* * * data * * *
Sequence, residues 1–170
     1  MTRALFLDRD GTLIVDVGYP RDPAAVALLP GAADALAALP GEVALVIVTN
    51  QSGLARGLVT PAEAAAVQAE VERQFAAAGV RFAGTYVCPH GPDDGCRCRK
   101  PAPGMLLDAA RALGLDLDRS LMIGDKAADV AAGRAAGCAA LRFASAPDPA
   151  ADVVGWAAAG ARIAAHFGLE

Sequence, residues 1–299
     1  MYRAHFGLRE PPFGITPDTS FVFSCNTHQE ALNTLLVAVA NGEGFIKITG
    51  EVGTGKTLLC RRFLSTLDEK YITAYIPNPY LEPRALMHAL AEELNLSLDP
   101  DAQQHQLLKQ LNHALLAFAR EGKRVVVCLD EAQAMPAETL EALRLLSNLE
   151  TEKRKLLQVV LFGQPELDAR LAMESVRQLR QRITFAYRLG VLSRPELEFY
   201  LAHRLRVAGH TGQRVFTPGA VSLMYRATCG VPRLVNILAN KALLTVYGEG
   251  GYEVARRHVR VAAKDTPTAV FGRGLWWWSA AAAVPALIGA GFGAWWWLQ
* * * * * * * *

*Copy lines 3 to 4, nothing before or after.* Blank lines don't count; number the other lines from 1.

    51  QSGLARGLVT PAEAAAVQAE VERQFAAAGV RFAGTYVCPH GPDDGCRCRK
   101  PAPGMLLDAA RALGLDLDRS LMIGDKAADV AAGRAAGCAA LRFASAPDPA